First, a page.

Thursday, December 29, 2011

Open an Online Brokerage Account

Article originally published on NYSE Euronext
12/29/2011

Modern technology has created an opportunity for consumers to try their hand at investing in the stock market without the need for industry representative involvement. Internet-based brokerage accounts are available from a number of reputable investment firms, allowing the do-it-yourselfers to buy and sell stocks, bonds and other securities at will, often for a fraction of the cost usually associated with traditional investment accounts. Opening an online brokerage account takes minutes, and the process is streamlined to be efficient and easy enough for even the most unsophisticated consumers.

Step 1
Assess your goals and needs. Investing in the stock market involves risk, and there is no guarantee that you will make money. You may lose money if the investments you choose perform poorly. Evaluate your needs to determine if a brokerage account is really appropriate for your situation, and consider what you expect out of such an account.

Step 2
Calculate your financial capabilities. You must deposit money into a brokerage account to initiate transactions involving securities and other variable products. Examine your existing resources to determine how much you can comfortably deposit into a brokerage account, and how much you can realistically contribute on a regular basis.

Step 3
Compare online brokerages. Examine the information available from several different Internet-based brokerage firms. Focus on the initial minimum deposits necessary to begin trading, the fees for each transaction, additional service charges or maintenance costs and the type of customer service the firm offers. Choose an online brokerage account provider offering an account suitable for your given financial capabilities and level of sophistication.

Step 4
Complete account-opening paperwork. Revisit the website of the firm offering the brokerage account you chose. Click the links to initiate a new account application. Enter your information in the relevant fields, making sure to answer all questions about your personal identity and financial industry affiliations. After verifying the accuracy of your responses, submit the online form.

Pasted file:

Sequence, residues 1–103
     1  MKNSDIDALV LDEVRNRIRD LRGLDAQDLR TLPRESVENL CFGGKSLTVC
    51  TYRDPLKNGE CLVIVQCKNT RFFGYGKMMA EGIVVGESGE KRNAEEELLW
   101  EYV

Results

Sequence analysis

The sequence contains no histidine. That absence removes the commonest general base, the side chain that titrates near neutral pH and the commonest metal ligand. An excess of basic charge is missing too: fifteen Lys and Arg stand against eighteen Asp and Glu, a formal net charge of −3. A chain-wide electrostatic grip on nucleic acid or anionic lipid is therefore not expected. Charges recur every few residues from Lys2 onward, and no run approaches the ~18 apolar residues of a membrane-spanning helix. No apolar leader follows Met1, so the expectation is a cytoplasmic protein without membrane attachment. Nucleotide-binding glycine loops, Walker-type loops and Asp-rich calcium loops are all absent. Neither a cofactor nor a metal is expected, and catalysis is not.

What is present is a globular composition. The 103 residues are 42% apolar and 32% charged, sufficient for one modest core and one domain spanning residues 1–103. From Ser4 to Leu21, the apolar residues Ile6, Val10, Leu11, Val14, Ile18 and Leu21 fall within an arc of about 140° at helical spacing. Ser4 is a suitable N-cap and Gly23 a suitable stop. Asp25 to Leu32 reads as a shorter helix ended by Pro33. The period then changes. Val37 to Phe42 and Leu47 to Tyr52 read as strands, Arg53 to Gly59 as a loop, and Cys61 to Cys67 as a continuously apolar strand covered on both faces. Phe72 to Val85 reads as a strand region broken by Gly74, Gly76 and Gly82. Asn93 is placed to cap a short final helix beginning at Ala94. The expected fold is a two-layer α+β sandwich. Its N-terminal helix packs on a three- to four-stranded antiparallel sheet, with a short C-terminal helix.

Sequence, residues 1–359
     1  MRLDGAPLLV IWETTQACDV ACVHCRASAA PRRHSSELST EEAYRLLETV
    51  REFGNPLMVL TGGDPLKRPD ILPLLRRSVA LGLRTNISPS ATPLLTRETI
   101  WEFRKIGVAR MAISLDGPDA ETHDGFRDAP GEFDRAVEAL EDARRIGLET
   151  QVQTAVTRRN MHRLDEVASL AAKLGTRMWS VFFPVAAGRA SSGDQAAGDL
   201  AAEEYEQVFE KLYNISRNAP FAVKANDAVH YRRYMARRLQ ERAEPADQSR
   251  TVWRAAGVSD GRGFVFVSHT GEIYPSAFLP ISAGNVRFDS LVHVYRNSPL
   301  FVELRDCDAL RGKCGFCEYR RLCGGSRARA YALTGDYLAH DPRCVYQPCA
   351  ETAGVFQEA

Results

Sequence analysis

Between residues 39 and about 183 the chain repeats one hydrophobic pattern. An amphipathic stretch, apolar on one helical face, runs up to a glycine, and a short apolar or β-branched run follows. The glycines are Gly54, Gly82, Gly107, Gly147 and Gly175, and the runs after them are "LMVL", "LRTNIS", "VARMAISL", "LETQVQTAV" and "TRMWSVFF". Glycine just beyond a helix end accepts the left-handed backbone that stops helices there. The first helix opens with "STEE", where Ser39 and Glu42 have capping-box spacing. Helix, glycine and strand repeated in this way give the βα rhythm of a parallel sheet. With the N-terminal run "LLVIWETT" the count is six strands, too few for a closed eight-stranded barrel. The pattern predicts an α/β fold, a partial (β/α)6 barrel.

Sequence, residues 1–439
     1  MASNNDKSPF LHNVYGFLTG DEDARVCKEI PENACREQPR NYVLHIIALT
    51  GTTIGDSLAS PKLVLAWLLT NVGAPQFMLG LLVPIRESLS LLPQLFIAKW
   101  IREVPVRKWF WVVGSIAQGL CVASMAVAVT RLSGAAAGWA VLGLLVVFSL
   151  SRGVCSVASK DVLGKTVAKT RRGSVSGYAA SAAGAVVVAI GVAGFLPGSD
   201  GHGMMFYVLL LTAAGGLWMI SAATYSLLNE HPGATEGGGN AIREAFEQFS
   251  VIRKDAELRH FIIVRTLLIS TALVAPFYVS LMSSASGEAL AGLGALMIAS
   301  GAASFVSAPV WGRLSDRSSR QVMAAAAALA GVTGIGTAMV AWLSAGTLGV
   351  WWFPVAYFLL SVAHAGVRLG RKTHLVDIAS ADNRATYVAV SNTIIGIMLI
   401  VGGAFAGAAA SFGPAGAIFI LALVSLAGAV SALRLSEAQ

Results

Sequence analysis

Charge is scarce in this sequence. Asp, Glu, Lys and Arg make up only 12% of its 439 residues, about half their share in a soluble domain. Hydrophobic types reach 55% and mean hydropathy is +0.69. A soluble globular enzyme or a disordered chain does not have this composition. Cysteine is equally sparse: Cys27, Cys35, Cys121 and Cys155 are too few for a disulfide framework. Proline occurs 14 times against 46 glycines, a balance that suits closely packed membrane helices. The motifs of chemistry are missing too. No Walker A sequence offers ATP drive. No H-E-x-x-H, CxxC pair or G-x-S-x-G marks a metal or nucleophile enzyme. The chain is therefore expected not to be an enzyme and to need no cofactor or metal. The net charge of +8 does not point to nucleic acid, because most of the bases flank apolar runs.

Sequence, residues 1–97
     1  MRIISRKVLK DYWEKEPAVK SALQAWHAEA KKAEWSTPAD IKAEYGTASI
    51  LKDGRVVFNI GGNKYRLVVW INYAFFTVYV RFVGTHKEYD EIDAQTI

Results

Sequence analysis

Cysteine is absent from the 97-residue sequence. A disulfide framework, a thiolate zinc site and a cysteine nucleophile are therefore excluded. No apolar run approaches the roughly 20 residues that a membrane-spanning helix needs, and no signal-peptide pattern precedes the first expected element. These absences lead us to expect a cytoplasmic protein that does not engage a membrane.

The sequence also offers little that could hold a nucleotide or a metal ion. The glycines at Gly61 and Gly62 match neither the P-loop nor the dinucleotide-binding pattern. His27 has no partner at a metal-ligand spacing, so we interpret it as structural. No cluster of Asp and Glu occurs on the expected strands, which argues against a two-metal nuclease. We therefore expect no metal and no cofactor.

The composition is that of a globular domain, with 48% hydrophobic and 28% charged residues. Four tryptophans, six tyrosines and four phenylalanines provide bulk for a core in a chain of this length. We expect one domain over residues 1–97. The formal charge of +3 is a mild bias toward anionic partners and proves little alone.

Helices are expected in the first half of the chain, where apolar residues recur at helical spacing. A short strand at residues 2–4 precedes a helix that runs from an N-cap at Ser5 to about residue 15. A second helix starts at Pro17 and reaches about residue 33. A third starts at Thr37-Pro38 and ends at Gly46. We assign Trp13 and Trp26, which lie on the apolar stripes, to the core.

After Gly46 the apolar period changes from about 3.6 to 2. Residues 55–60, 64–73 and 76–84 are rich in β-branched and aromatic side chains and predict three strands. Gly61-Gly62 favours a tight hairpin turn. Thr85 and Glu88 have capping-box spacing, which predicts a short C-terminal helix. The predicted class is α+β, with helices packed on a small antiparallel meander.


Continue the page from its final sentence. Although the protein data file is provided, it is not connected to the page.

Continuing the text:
Step 5
Arrange your initial deposit. Once you receive confirmation that your account application has been approved, make arrangements to fund your new brokerage account. Typically, most Internet-based firms allow deposits via electronic bank wire transfer or personal check. Locate the relevant information necessary to transfer money and provide those details to your current financial custodian.

Step 6
Verify the receipt of your initial deposit. Continue logging into your new brokerage account to check your contribution's status. Look for a change in your account value equal to the amount of your deposit. Many online brokerage firms will also send account owners an automatically generated email notifying them that a new deposit has been received.

Tips
Most online brokerage accounts provide multiple tools and resources to assist you in choosing investments with a higher possibility of increasing in value. Be sure to utilize these tools before committing to any purchase.

Warnings
Make sure your goals are not unreasonable or unrealistic and your needs substantiate your desire for an investment account of this type.

Some Internet-based brokerage accounts provide very little live customer support, leaving consumers without the advantage of an experienced representative. Other firms offer assistance with trades but for an increased cost. Be sure to examine these features before actually opening an account.

References
The Street: Getting Started: How to Open a Brokerage Account


Author Bio
Gregory Gambone is senior vice president of a small New Jersey insurance brokerage. His expertise is insurance and employee benefits. He has been writing since 1997. Gambone released his first book, "Financial Planning Basics," in 2007 and continues to work on his next industry publication. He earned a Bachelor of Science in psychology from Fairleigh Dickinson University.